Zakar is the Hebrew word for man —the one who remembers.  Our ability to remember is what separates us from other living creatures.  While I did not make the immediate connection to Phil’s concept embodied in the word “Zakar” to my impromptu decision to give a potential client a key to represent the power she holds to change her own life, upon reflection, it seems so obvious.  One can use a key to open doors, locks and gates.  It is a tool for a person to move from one place to another.  A key is needed to drive a vehicle or open a safe. A person in shackles needs a key to be freed.  Keys are symbolic of power and access, and we each have the authority to make personal choices which will set us free too.  

The feedback I received from my client was so profound, I wanted to recreate the experience to help others.  So, I bought a bunch of replica antique keys, and I have given them to many more people to encourage their abandonment of a part which they have likely played for many years —moving from Victim to Creator.  We are, after all, made in the image of God, who is Elohim.  Creator God.  The Strong One.

As humans, we all fall into the roles of Persecutors, Victims, and Rescuers.  No one is exempt.  However, if we find ourselves constantly toggling between these three points on the drama triangle, we must take affirmative steps to abandon the familiar for the healthier life-cinema of Creator, Challenger and Coach.  We all hold the key to our own destiny and we should not limit our potential like Otis, just because it is familiar.  Instead, we should humbly accept our birthright as something more, reminded by our chosen Zakar to be like Elohim.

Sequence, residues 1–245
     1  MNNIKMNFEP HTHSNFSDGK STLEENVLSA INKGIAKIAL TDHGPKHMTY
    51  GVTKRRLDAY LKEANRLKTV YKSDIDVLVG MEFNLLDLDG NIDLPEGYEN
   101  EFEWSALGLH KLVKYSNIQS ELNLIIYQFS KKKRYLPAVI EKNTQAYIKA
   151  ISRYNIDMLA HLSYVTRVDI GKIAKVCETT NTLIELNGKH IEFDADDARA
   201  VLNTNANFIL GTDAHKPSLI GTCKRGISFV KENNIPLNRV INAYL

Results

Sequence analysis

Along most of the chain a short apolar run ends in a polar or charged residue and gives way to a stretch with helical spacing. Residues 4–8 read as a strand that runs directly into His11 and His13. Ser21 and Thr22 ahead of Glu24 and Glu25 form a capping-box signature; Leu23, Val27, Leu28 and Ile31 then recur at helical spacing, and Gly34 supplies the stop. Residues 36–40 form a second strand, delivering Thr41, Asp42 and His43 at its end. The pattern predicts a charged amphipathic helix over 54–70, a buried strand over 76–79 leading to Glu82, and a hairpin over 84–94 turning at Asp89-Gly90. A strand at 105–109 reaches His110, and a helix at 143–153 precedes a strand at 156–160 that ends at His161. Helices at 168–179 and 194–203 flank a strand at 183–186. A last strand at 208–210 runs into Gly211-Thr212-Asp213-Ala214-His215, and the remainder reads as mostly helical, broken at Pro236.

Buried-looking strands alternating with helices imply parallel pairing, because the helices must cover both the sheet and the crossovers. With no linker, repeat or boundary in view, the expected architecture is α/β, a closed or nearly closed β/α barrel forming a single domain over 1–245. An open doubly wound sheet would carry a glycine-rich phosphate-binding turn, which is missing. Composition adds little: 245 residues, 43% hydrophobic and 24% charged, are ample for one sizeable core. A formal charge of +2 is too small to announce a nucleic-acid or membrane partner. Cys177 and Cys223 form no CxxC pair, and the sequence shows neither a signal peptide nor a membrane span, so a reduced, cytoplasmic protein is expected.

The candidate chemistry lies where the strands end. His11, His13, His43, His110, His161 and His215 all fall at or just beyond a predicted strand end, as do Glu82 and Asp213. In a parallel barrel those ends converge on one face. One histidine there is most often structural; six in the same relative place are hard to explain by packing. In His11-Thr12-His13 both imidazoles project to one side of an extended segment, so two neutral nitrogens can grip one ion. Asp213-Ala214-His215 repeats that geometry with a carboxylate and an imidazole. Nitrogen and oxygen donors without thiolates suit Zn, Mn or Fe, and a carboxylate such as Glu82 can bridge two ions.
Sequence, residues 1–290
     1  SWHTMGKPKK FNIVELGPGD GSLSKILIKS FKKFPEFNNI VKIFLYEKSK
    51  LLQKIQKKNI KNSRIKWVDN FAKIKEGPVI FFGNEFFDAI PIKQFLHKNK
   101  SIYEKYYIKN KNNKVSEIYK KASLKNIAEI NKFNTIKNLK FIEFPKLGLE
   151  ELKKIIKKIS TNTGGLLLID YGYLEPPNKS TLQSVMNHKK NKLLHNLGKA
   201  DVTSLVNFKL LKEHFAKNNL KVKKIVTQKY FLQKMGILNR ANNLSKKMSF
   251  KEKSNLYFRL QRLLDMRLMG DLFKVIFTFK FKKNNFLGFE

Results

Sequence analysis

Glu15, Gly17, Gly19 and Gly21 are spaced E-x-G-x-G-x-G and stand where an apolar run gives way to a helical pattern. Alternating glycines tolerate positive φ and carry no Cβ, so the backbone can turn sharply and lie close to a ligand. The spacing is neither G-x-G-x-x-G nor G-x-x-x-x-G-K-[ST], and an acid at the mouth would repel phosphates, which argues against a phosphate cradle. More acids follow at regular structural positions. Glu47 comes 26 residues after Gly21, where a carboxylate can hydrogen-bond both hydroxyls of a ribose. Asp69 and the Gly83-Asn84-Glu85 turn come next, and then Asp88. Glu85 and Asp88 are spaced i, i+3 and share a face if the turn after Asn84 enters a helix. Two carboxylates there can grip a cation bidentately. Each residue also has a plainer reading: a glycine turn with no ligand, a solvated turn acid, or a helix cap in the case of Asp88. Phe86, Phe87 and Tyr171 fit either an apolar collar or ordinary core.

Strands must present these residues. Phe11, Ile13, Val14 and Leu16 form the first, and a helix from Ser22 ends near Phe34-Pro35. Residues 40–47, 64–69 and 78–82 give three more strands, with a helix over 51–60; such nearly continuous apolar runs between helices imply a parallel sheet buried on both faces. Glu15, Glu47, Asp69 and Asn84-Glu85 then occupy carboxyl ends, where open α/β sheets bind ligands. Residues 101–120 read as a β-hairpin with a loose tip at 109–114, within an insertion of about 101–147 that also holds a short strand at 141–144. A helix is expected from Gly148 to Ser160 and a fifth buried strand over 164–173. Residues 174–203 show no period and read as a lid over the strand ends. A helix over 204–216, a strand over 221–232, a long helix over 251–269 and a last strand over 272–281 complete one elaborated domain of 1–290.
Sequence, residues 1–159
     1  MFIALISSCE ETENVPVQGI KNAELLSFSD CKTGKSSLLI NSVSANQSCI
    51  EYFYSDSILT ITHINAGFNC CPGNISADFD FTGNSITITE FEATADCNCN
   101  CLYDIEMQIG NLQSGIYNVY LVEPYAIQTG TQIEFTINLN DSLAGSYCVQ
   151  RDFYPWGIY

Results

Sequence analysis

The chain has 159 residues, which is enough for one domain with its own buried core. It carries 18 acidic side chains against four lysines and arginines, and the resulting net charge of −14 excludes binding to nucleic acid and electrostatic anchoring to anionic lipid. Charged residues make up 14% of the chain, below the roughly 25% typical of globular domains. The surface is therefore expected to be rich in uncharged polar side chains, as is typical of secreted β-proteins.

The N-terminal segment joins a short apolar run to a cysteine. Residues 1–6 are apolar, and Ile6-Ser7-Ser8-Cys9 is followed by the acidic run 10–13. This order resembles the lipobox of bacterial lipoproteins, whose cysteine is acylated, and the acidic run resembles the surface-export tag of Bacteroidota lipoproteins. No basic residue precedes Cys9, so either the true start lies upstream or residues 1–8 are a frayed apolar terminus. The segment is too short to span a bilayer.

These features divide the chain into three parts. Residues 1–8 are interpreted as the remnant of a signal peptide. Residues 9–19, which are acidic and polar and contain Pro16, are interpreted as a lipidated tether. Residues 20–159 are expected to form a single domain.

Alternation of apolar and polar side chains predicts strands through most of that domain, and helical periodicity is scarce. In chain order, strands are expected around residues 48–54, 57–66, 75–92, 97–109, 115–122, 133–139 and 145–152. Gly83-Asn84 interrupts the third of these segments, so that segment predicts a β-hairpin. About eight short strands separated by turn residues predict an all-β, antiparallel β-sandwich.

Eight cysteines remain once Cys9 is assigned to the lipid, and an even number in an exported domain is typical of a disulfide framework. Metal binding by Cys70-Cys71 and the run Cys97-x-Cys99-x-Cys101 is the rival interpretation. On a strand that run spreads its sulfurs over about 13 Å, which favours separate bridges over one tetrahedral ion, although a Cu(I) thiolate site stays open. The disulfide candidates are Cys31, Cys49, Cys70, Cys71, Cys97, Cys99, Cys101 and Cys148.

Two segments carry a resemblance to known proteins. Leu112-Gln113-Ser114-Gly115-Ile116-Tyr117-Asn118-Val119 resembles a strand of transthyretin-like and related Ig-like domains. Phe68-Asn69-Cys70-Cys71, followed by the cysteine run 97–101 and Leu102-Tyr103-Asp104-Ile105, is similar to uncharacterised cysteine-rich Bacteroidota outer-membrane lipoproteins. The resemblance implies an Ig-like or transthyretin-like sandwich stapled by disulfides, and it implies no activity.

God is Creator, and so am I. 

Craig Robertson is the founder of Robertson + Easterling. For over 24 years, he has practiced exclusively high net worth divorce and complicated family law in Mississippi. You will want him in your corner because he knows the things you care about deeply are at stake, and he will direct you toward wholistic modalities to foster overall health and wellbeing. Lately, he loves to hand out keys as symbolic representations of the freedom within reach to each of us.